Executive Perspective: Leadership Responsibility in Technical Communication

By Wendy Richardson

Successful leadership in any organization requires a great deal of time and energy focused on setting strategy, motivating people, and driving initiatives that optimize the experience for our customers.

I didn’t “grow up” in technical communication. I held several positions across the organization—from Technical Account Management to IT Transformation Manager. So, I relied on a time-tested success strategy: I surrounded myself with the best technical writers, information architects, and technical leaders around. If you’re lucky enough to have a strong team, listen, learn, and empower them to take risks and implement innovative solutions. Develop and track meaningful metrics that demonstrate the value your team delivers, and help articulate the value of your content as an organizational asset.

As leaders, it is also our responsibility to ignite (and reignite) the team’s passion for what we do and why we do it. By providing a clear picture of the future and how your team’s future aligns to the company vision, you help your team understand the evolution of content as it progresses up your value chain, which might look something like Figure 1.

Paint a picture of the three- to five-year journey, and partner with your team on the strategy and tactics to achieve your goals.

Figure 1. Evolution of Content Value
Getting There

Along your leadership journey, you’ll get advice from various sources; some tips you’ll take to heart, and others you’ll send to the round file. My five best pieces of advice are:

Lead with Passion

Your team and business partners can sense your enthusiasm for what you do. Each day, re-frame the often-asked question, “What keeps you up at night?” to “What gets you up in the morning?” I hope your answers include “to enhance the experience of my customers” and “to help my team and my organization be successful and productive.”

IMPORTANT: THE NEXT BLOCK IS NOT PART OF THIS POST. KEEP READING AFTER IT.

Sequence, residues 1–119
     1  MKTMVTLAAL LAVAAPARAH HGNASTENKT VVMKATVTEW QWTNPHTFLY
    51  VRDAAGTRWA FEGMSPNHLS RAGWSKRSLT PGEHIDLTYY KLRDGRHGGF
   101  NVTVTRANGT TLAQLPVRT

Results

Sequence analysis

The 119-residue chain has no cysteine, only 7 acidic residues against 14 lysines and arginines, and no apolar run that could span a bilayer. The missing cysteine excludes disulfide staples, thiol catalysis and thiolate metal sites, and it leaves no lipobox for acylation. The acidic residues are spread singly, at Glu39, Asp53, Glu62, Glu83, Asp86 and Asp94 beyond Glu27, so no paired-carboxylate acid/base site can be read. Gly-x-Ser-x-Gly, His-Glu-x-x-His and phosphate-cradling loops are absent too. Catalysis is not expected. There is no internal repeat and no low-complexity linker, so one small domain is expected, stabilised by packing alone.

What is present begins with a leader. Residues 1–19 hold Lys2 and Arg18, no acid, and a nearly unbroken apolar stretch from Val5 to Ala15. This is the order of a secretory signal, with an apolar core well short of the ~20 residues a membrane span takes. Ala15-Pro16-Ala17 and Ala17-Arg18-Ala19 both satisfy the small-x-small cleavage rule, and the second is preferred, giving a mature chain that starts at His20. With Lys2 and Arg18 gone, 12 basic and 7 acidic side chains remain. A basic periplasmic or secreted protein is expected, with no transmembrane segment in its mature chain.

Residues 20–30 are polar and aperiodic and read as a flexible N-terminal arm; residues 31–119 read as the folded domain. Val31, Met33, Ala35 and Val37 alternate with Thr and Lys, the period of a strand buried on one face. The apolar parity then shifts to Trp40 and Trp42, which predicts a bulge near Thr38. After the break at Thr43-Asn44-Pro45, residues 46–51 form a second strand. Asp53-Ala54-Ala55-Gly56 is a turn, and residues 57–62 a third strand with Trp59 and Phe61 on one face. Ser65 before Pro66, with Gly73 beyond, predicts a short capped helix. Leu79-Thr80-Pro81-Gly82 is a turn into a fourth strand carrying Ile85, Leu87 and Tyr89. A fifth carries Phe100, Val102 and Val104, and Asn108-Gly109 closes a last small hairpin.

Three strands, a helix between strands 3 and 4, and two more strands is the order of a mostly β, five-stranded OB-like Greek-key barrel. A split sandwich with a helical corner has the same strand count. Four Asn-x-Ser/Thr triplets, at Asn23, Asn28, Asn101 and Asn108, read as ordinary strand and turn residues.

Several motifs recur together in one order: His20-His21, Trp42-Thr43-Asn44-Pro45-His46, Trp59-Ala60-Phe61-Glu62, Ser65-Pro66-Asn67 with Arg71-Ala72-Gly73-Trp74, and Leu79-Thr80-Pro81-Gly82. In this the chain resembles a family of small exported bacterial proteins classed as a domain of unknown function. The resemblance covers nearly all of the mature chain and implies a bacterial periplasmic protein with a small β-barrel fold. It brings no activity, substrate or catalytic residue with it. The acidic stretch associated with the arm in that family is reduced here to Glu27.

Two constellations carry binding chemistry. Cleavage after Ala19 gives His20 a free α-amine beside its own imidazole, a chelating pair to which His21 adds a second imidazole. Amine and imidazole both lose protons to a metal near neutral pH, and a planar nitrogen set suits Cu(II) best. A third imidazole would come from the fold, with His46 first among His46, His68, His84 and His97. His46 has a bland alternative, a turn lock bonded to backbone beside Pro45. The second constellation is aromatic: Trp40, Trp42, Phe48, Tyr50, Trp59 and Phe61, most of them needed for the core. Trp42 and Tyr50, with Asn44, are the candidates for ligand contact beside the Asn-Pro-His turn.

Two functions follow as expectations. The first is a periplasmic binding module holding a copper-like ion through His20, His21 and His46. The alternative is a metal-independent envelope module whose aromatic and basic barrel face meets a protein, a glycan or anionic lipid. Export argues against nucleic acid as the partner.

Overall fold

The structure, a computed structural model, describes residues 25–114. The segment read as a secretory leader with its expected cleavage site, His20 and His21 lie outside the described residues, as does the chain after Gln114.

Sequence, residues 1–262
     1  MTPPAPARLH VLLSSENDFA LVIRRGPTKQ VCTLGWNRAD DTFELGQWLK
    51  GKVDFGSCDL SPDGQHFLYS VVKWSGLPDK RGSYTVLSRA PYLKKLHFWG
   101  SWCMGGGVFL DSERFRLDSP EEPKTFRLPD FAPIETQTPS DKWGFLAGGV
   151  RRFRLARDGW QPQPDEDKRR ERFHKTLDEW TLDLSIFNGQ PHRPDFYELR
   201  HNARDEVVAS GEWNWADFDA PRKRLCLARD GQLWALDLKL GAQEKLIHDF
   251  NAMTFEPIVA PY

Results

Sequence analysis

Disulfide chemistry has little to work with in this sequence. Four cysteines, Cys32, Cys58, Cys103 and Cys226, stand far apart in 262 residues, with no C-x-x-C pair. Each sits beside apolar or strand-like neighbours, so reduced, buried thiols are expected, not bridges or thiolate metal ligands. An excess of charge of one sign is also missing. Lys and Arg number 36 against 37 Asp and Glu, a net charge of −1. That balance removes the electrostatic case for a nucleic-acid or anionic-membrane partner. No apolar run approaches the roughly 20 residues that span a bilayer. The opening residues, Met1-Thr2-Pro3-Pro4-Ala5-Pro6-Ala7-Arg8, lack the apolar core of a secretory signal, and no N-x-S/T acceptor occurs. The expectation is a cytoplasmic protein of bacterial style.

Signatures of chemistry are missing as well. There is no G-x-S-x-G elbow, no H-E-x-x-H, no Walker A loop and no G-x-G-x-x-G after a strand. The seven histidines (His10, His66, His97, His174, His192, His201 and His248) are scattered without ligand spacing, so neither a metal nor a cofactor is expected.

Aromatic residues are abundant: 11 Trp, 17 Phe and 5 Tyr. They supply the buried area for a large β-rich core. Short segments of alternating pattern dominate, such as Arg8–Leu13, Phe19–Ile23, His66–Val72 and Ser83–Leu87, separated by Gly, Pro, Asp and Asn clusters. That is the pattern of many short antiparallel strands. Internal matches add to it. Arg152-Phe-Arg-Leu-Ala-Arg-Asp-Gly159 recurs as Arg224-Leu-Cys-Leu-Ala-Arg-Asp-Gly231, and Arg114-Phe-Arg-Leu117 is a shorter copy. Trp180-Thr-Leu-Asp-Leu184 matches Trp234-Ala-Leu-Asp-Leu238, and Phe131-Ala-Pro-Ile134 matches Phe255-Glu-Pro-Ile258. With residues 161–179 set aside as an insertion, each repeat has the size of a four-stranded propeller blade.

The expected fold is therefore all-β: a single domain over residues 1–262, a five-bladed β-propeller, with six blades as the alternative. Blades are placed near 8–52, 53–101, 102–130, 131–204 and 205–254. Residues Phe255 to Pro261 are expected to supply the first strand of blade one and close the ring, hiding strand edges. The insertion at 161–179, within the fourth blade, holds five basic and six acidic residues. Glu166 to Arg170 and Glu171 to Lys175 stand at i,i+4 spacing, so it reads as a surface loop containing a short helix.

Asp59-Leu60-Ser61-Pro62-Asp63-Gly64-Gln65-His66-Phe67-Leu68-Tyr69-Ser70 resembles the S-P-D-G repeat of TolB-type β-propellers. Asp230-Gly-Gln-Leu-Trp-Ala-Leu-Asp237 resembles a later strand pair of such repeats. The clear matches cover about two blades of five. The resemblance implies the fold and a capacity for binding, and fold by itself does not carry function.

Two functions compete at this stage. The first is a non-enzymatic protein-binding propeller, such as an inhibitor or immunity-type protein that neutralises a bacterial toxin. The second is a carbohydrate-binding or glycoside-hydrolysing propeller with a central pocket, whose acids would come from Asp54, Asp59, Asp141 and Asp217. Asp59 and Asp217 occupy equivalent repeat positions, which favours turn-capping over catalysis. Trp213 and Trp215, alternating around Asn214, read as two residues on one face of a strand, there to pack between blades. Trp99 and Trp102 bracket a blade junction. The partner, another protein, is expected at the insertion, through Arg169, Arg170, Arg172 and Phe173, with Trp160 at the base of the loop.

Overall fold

If not, go back to bed, and start over.

Your attitude, energy, and optimism for the future sets the tone for your team. Take the time to regularly recharge your batteries. Carve out time to stop, be silent, and reflect. Dedicate time for vigorous activity. For me, it’s a high-impact Zumba class, where I can leave all the frustration of the tough days on the dance floor. Find your outlet—and be ever-conscious of the tone you’re setting for those around you.

Empower Your Team and Get Out of the Way

Hire smart, motivated people, and let them do their thing. Micromanagement isn’t a deadly sin, but it’s pretty close. Servant leaders share power, partner with their teams to set and align the overall strategy, and paint a vision of the future.

Leaders often think we have to have all the answers—but no one does. The next time someone approaches you with a challenge, instead of prescribing a brilliant solution, first listen, then probe to see if you can lead them and partner on potential solutions. Building team expertise and collaborating on solutions ensures greater buy-in. Instead of “having all of the answers,” be approachable and willing to share advice, and foster an environment of continuous learning and exploration to keep skills sharp in the face of rapid technological change and growing customer demands.

Put on Your Marketing and Sales Hat

This applies to leaders and all technical communication employees. In every interaction, you serve as an ambassador and consultant on the most effective methods and processes of technical communication. To be clear, that doesn’t mean to start shouting from the rooftops about the criticality and “cool-factor” of your team. Successful marketing and salespeople start by listening. Gain an understanding of the top-of-mind issues and challenges of the key stakeholders in your business, like your execs and C-suite folks. Check out their blogs, read articles they’ve published, and really tune in to town hall and all-hands meetings.